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San Francisco Landmark 196: Alfred G. Hanson House 3 January 2004
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San Francisco Landmark #196
Hanson House
126 27th Avenue Between Lake and Lincoln
Built 1907

Statement of Significance

One of the first houses built in the middle Richmond District is the Hanson house, an outstanding early example of the shingle style with numerous flared edges and a complex roofline featuring cross gables and a ski-slope side gable.

Architect John Charles Flugger was closely identified with the Richmond District. He grew up on Point Lobos Avenue - later renamed Geary Boulevard - between Arguello Street and Second Avenue. His father owned a dairy at Point Lobos and Tenth Avenue. Another relative ran a saloon in the neighborhood.

The house is also significant as an early structure built on land which was undivided and undeveloped until the beginning of the 20th century. Its first owner was master mariner Alfred G. Hanson, an instructor at the US Naval Training Station on Yerba Buena Island from 1903 to 1908.

Adapted from City Planning Commission Resolution 7566 dated September 30, 1976.

The first verifiable resident of the Baker Ranch tract was John H. Baker, proprietor of the Golden Gate Dairy Ranch.

Baker died in 1863, leaving the land to his widow Maria and six children. An Act of Congress in 1866 gave San Francisco clear title to property within the city limits, and on 9 December 1872, the Outside Lands Committee confirmed Maria's title. As late as the Block Book of October 1901, the tract, which included Sea Cliff, was listed in acres, not blocks and lots. Alfred G. Hanson bought two lots in 1904-05, and built his first residence at 120 27th Avenue, probably completed just before the Earthquake of 1906.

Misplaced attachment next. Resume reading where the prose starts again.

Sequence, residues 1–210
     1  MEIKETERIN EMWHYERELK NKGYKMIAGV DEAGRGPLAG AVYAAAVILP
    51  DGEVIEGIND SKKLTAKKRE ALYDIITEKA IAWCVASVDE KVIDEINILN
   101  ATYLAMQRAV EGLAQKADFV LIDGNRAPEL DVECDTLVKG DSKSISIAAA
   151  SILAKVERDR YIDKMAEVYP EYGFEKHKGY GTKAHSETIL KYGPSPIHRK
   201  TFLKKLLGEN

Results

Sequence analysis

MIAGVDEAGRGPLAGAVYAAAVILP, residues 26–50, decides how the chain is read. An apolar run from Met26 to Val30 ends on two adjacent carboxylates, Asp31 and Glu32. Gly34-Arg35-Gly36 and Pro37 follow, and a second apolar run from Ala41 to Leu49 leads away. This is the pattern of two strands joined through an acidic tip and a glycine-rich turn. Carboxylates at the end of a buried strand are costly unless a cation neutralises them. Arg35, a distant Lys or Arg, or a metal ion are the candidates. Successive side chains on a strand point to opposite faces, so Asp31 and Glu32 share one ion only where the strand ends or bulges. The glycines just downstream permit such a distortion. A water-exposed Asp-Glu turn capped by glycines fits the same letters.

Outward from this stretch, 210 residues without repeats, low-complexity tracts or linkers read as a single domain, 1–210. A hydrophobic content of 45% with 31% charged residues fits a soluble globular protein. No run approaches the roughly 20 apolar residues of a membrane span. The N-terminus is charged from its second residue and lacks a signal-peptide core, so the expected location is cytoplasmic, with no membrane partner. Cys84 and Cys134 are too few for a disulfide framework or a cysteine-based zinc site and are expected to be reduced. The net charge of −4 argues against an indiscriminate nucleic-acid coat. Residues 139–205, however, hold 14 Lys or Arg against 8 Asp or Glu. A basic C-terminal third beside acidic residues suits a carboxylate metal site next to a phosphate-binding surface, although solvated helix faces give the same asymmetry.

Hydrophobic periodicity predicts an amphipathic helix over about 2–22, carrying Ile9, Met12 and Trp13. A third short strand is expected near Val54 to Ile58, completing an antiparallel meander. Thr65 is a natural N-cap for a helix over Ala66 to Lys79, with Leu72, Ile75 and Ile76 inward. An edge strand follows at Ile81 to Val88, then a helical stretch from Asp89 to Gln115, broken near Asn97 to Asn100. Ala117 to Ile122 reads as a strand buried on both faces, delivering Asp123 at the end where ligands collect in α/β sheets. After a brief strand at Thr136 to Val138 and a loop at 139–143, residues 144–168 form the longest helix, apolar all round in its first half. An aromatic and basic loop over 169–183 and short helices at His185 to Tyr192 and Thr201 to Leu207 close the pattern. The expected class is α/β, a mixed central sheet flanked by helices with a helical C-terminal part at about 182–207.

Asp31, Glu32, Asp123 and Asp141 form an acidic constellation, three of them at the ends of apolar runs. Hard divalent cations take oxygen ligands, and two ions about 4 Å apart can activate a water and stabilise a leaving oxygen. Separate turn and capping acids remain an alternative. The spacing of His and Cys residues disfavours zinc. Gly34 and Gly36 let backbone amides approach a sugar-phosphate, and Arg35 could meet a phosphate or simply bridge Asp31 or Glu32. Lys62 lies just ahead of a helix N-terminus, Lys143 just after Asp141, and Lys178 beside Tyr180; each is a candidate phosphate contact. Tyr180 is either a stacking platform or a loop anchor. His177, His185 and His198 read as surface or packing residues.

Little took place in the vicinity of the Baker Ranch to disturb its serenity until after the beginning of the 20th century. Early maps refer to the Richmond and Sunset Districts as Great Sand Wastes. Until the last quarter of the 19th century even the inner Richmond was without water systems, sewers, lighting, street grading, and fire protection.

The middle and outer Richmond remained an area of horse and cattle raising and amusements such as race tracks. The main deterrent to development was perceived to be the cemeteries clustered around Lone Mountain. One of the most insistent voices for the removal of the cemeteries was J. H. Bond, editor of the Richmond Banner, who in 1894 repeated the common belief that cemeteries "plant germs of disease in the organs of breathing life." In 1900 the Board of Supervisors passed an ordinance prohibiting further burials in the City, but the last two cemeteries were not completely removed until 1940.

Although John Brickell began to sell his properties as early as 1904, it was the 1906 Earthquake, and perhaps the recognition that the cemeteries were to be removed, that led to development of the Richmond. Earthquake refugee camps had also introduced the area to many. However, by the second decade of the 20th century, the middle and outer Richmond were still sparsely built up.

Adapted from City Planning Commission Resolution 7566 dated September 30, 1976.

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